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post #7 of 21
Just brought that up to make the comparison to furniture. It looks nice but warps badly when wet and such.
Dammi un coltello affilato e vi mostrerò l'arte più belle del mondo.
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Dammi un coltello affilato e vi mostrerò l'arte più belle del mondo.
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post #8 of 21
An Olive cutting board is fine....I work with one....Hard Maple is good and then there is my favorite cutting board, Purple Heart....beautiful (cannot seem to bring myself to cutting on it yet ).

Petals
Réalisé avec un soupçon d'amour.

Served Up
(165 photos)
Wine and Cheese
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Petals
Réalisé avec un soupçon d'amour.

Served Up
(165 photos)
Wine and Cheese
(62 photos)
 
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post #9 of 21
Boy of boy are you right, Petals. Purpleheart is beautiful. I often use it as an accent wood in my cutting boards and cheese boards. In fact, our wedding present to our youngest was a cutting board combining purpleheart and maple.

Lately I've been combining it with cypress. An absolutely gorgeous combination.

I've not used olive for cutting boards only because I don't have a supplier. But I imagine it would make a beautiful work surface when constructed properly---that is, with either end- or edge-grain up.
They have taken the oath of the brother in blood, in leavened bread and salt. Rudyard Kipling
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They have taken the oath of the brother in blood, in leavened bread and salt. Rudyard Kipling
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post #10 of 21
As I stated before, the exotic woods should be avoided because of the oils they contain. Some are quite toxic and can lead to severe physical or neurological damage. I would be careful and hope you will be as well. For cutting boards, stick with woods that follow the rule of thumb; wood from a tree with an edible running sap or edible nuts. If the products are edible, the wood will be safe to use. Otherwise you will be playing with someones health record.

Cypress is a good wood to use but it is a soft wood, as compared to maple which is a hard wood. The two have different density and hardness values and will not play together well. The soft cypress will wear faster than the harder maple creating a rippled cutting surface and the cypress will cut easier requiring resurfacing much quicker. I believe the Japanese Ho wood is in the cypress family and has been used for cutting boards there for a long time.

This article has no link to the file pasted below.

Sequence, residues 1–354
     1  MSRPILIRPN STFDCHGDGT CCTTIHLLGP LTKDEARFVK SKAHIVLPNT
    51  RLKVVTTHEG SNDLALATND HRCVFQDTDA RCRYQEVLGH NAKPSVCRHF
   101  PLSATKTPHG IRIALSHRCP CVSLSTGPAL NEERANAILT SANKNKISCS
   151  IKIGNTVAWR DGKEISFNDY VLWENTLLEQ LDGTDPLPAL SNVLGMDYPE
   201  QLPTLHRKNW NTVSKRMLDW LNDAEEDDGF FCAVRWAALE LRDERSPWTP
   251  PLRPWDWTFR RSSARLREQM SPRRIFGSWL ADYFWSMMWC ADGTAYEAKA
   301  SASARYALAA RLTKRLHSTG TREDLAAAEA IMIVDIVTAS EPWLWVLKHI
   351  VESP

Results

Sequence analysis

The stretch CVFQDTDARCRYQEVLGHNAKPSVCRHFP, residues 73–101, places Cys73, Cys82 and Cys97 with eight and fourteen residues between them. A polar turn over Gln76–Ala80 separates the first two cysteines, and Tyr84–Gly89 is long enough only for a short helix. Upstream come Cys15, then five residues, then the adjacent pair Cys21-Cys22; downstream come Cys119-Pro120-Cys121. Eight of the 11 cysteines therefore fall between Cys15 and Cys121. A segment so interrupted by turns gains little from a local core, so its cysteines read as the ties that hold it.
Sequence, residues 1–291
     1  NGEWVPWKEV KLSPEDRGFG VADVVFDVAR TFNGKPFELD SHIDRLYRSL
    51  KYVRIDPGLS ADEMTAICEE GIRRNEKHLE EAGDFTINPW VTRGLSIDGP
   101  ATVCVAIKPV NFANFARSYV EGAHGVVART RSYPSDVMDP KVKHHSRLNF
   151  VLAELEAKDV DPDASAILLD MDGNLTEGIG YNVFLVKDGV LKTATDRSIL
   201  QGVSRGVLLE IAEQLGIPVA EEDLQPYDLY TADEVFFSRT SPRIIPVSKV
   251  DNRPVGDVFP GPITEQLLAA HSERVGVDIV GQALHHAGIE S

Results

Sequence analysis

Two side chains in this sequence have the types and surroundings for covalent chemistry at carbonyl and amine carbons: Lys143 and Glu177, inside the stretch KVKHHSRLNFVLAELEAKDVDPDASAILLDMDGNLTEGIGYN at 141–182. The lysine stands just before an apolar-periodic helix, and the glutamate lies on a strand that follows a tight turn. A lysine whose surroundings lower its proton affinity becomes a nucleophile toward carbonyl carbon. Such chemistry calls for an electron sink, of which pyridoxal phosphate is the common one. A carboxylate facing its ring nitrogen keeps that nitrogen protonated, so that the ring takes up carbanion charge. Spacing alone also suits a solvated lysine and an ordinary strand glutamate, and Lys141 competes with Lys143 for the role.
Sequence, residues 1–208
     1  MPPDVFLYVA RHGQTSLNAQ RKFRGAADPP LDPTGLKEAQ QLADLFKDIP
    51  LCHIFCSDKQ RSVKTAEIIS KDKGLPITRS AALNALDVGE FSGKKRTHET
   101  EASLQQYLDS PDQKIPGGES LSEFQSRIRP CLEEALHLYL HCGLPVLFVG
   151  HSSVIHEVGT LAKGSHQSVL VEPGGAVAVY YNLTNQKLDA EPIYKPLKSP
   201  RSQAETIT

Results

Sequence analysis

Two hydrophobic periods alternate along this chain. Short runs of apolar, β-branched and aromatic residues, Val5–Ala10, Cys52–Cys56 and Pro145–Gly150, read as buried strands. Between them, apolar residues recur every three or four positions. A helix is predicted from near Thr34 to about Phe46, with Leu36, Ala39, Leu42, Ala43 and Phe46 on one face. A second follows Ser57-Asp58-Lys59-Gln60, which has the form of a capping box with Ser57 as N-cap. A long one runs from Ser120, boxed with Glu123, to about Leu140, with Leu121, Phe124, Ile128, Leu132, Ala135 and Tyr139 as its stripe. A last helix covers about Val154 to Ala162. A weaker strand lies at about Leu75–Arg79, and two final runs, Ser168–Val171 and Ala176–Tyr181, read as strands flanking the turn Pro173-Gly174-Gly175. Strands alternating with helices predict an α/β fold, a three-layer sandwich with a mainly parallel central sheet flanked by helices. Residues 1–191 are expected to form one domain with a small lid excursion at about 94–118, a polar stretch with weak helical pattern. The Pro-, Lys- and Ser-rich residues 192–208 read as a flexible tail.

David The BoardSMITH
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David The BoardSMITH
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post #11 of 21
Point taken , I would never work with exotic boards if I knew they were toxic, you would be very surprised to know the collection I own.

Yes, Cypress is good to...
Your posts are very interesting.

In the end I will always "have" a Purple Heart........:thumb:

Petals
Réalisé avec un soupçon d'amour.

Served Up
(165 photos)
Wine and Cheese
(62 photos)
 
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Petals
Réalisé avec un soupçon d'amour.

Served Up
(165 photos)
Wine and Cheese
(62 photos)
 
Reply
post #12 of 21
Thread Starter 
Hi all,

thanks again for your replies. As it turns out, I haven't really seen any 'proper' olive wood chopping boards. Regardless, still in the search for a chopping board.

I still have a couple of questions on other woods I've seen. Basically,from what I can find searching for end-grain boards, there are some cheaper ones, up to about £30, but these either don't specify the wood (e.g. Thick Endgrain Chopping Board), or are either hevea or acacia (e.g. Tuscany Large Board in End Grain Acacia). I know acacia for example is some sort of gumtree, so not sure if it would fulfill the 'edible fruits/nuts' criterion. Otherwise, prices go up to at least £60 for maple.

The question, I guess, is what do you get for the premium, and/or are the cheaper options worth it. I don't really have a set amount, it's more about looking for value, particularly as I'm not 100% sure if the recipient would appreciate the difference (although who knows...)

Thanks again for all the responses!
post #13 of 21
Thread Starter 
Also, with respect to boardSMITH's comment on beech, if a board is advertised only as 'beech' I should stay away then? (e.g. Buy John Lewis FSC End Grain Chopping Boards online at JohnLewis.com) I've not seen any boards that specifically state 'european beech', but on looks alone I don't think I'd be able to differentiate between actual beech or something else..

Thanks!
post #14 of 21